All three of the Baltic countries have well preserved old towns that are very popular with the




Old Town

The cobble stone streets are lined with souvenir shops and

restaurants. This shop even has "welcome" written in Japanese.



Town Square

With the demise of the Soviet Union in 1991, the Baltic states became independent countries.

The Estonians are primarily Lutheran. In appearance and personality, they  are much like the





Capitalism has been a big success in these former communist countries. After independence

fifteen years ago, the people wasted no time learning English to capitalize on the potential for

tourism, which has made big contributions to their economies.



The Baltic Islands

There are several rather remote and very beautiful islands in the Baltic Sea off the coast of




Old Farms

A number of picturesque old farm houses dot the countryside. Most are either derelict or

restored to welcome tourists.




Several old windmills have been restored for the tourists.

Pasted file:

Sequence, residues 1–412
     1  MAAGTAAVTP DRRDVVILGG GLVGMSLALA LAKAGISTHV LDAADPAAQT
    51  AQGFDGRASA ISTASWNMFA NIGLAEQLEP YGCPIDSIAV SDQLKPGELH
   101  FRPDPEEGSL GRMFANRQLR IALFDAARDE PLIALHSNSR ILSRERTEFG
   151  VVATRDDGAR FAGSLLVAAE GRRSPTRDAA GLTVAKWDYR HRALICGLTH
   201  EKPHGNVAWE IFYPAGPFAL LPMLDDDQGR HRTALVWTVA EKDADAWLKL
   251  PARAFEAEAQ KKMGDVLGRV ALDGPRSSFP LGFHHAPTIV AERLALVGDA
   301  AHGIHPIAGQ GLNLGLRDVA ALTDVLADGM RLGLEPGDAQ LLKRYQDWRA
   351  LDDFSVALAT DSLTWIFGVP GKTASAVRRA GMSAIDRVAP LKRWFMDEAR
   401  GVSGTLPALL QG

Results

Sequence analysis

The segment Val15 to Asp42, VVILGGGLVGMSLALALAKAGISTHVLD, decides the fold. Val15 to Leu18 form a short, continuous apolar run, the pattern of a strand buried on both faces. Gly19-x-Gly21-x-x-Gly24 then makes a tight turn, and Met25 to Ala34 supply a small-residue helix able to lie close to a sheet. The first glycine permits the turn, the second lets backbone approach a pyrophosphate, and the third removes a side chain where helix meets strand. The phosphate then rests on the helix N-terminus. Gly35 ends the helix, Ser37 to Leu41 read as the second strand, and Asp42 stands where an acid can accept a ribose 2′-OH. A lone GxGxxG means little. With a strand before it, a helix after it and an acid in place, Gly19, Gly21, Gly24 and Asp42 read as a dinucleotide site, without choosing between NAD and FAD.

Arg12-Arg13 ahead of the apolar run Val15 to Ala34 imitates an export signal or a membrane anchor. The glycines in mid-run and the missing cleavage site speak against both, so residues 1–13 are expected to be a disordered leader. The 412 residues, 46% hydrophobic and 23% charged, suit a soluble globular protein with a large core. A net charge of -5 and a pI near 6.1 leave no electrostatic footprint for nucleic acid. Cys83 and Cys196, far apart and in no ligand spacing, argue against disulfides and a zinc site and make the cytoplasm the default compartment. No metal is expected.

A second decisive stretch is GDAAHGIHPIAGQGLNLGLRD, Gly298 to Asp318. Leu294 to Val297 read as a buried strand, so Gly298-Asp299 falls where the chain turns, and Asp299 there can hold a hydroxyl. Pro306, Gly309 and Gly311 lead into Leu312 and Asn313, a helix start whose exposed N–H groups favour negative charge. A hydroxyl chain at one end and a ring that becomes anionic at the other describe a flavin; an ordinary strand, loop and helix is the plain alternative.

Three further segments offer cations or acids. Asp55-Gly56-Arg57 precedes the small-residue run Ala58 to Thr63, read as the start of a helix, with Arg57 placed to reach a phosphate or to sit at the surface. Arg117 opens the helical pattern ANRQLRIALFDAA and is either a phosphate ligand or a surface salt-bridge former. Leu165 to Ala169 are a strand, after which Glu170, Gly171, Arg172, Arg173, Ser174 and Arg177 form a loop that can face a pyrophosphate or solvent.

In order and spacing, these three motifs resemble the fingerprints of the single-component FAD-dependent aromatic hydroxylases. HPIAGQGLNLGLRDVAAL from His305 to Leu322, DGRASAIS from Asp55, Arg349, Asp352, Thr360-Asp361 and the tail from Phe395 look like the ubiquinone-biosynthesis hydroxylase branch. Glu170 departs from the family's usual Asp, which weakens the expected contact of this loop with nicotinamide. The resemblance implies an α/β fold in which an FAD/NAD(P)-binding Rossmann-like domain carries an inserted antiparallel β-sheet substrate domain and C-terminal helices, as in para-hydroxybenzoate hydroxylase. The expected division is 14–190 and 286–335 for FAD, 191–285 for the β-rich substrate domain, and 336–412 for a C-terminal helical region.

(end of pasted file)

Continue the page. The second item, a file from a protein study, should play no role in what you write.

Abandoned Soviet Bunkers

On the northern tip of the most northern Estonian island there are several abandoned bunkers

and gun emplacements. 



Back to the Cold War

With an adequate flashlight you can walk through the labyrinth of passages in the abandoned

military facilities. It is dark, damp, dead silent, and eerie.



Baltic Style Protest

In 1989, two years before the demise of the Soviet Union, the people of the three Baltic nations

protested their subjugation by forming a 400-mile-long line of almost two million people holding

hands. It stretched from Vilnius, Lithuania, through Riga, Latvia, and ended in Tallinn, Estonia.

They sang songs in protest. The Balts are like that. Gandhi would be proud of them.